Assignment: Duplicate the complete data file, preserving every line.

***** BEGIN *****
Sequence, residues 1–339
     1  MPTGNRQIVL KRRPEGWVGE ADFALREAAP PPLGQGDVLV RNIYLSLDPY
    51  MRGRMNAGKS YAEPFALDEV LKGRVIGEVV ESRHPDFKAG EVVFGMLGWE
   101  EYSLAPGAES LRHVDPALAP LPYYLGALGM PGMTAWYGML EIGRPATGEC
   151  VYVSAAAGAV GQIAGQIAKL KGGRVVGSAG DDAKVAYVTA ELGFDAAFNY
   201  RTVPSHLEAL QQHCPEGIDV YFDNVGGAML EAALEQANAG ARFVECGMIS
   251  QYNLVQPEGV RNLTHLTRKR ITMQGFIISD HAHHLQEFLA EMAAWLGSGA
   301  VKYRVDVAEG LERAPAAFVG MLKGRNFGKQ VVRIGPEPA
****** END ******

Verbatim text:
Sequence, residues 1–339
     1  MPTGNRQIVL KRRPEGWVGE ADFALREAAP PPLGQGDVLV RNIYLSLDPY
    51  MRGRMNAGKS YAEPFALDEV LKGRVIGEVV ESRHPDFKAG EVVFGMLGWE
   101  EYSLAPGAES LRHVDPALAP LPYYLGALGM PGMTAWYGML EIGRPATGEC
   151  VYVSAAAGAV GQIAGQIAKL KGGRVVGSAG DDAKVAYVTA ELGFDAAFNY
   201  RTVPSHLEAL QQHCPEGIDV YFDNVGGAML EAALEQANAG ARFVECGMIS
   251  QYNLVQPEGV RNLTHLTRKR ITMQGFIISD HAHHLQEFLA EMAAWLGSGA
   301  VKYRVDVAEG LERAPAAFVG MLKGRNFGKQ VVRIGPEPA